House budget chair: We won't break the caps

House budget chair: We won't break the caps

An optimistic House Budget Chairman John Kasich, R-Ohio, told reporters Thursday that appropriators should be able to make the discretionary spending cuts needed to stay under the fiscal 2000 spending cap of $536 billion set in the fiscal 2000 budget resolution for both defense and non-defense programs, while also increasing spending within the cap for defense and education funds.

Total discretionary spending for fiscal 1999, including almost $22 billion in emergency spending over the budget caps, is $573 billion. Total non-defense discretionary spending for 1999 is $293 billion, compared to the 2000 level of $246 billion.

"Are there programs that are going to be cut? Yes," Kasich said, but he added that sticking with the budget caps set in the 1997 balanced budget agreement "is more important" for the Republican Party.

"The President is a big spender and that's all we have to tell people" when Clinton and Democrats criticize the GOP for slashing social spending in line with the cap, he said.

Kasich suggested that to stay under the 2000 cap, appropriators will "have access to some fees, they'll have access to some mandatory spending" to partially pay for this year's appropriations bills.

Despite prodding from reporters, Kasich refused to release the savings assumptions submitted to the Budget Committee from the other committees that suggest ways to reduce spending. Kasich said: "The committees have asked me not to do that. ... I don't have to justify to anybody. This is what my colleagues have asked me to do, and this is what I'm going to do."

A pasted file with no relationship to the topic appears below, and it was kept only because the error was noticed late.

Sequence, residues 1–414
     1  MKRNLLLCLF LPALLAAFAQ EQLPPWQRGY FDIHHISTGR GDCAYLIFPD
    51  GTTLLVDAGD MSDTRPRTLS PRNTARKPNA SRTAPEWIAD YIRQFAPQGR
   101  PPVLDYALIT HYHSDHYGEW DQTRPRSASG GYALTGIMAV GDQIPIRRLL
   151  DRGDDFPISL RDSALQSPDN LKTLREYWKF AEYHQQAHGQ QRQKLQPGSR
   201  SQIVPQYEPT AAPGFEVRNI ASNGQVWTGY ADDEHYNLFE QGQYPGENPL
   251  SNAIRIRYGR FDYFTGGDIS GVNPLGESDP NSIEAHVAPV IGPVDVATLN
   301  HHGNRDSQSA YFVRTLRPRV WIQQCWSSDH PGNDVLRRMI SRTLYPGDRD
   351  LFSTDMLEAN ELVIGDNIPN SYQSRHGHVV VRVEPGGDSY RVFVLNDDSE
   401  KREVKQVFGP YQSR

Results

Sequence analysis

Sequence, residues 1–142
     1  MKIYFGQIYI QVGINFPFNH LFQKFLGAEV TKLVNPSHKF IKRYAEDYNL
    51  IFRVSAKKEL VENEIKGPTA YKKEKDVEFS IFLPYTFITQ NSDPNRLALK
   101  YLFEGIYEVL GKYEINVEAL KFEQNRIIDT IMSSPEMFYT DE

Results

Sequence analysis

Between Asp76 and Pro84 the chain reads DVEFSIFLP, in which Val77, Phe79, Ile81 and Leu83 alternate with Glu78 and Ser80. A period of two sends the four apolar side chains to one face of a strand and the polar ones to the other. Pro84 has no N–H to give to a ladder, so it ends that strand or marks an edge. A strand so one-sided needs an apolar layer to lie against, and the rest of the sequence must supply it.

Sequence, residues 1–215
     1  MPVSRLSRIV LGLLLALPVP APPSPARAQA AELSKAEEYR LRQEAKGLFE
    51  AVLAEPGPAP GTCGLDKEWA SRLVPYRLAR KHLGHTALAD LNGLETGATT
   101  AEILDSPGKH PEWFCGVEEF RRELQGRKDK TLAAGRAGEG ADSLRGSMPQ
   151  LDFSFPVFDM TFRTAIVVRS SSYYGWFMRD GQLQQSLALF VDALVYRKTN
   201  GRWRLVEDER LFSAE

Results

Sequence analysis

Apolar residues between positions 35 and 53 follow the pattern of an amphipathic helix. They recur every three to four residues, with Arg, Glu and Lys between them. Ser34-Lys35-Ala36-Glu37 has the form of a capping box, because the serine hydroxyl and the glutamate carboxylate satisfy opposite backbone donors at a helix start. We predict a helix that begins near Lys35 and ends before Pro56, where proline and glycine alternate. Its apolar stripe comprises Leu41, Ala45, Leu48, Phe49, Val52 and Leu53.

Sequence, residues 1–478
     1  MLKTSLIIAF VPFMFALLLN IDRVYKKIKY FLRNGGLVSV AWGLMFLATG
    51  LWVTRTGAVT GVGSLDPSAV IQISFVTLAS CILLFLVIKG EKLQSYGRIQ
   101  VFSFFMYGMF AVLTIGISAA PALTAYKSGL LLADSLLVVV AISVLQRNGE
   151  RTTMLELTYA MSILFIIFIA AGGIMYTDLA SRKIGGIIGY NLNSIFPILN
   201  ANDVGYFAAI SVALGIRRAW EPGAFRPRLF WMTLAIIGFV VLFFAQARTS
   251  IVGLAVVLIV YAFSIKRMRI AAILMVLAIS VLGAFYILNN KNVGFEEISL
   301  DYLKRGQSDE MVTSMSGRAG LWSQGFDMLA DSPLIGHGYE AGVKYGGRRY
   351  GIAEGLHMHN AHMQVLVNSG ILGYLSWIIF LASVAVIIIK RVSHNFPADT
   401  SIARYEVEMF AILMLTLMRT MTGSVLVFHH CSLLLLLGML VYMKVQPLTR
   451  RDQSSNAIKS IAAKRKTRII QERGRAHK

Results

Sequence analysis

Kasich was equally respectful of the Ways and Means Committee's jurisdiction over tax cuts, suggesting that a capital gains cut would be in the mix, but emphasizing that the decision is up to tax writers.

Kasich's budget calls for up to $15 billion in fully offset tax cuts in 2000, $143 billion over five years and $778 billion over 10 years. He also said budget writers fully expect to bump those numbers up after the CBO issues budget re- estimates that are expected to show projections of an increased surplus-but said his budget resolution does not specify how any re-estimated on-budget surplus dollars should be used, at the request of his GOP colleagues.

"We agreed to postpone that debate," Kasich said, because not all House Republicans agree on how that money should be used. GOP tax cuts are "based on growth of the economy ... and frankly, for the next few years, I don't see the economy slowing," Kasich said.

Launching a harsh new offensive against the GOP budget plan, Vice President Al Gore today ripped into the proposal, saying it smacked of Republican plans from previous years that nearly "wrecked the United States" and "drove our economy into the ditch."

Gore accused Republicans of "fictional, illusional negative budgeting," saying the plan was "irresponsible in the extreme. It pours hundreds of billions of dollars into open- ended, extremely risky tax schemes."

White House Press Secretary Joe Lockhart also aggressively assailed the Republicans, accusing them of issuing a "political statement" that puts tax cuts before saving Social Security.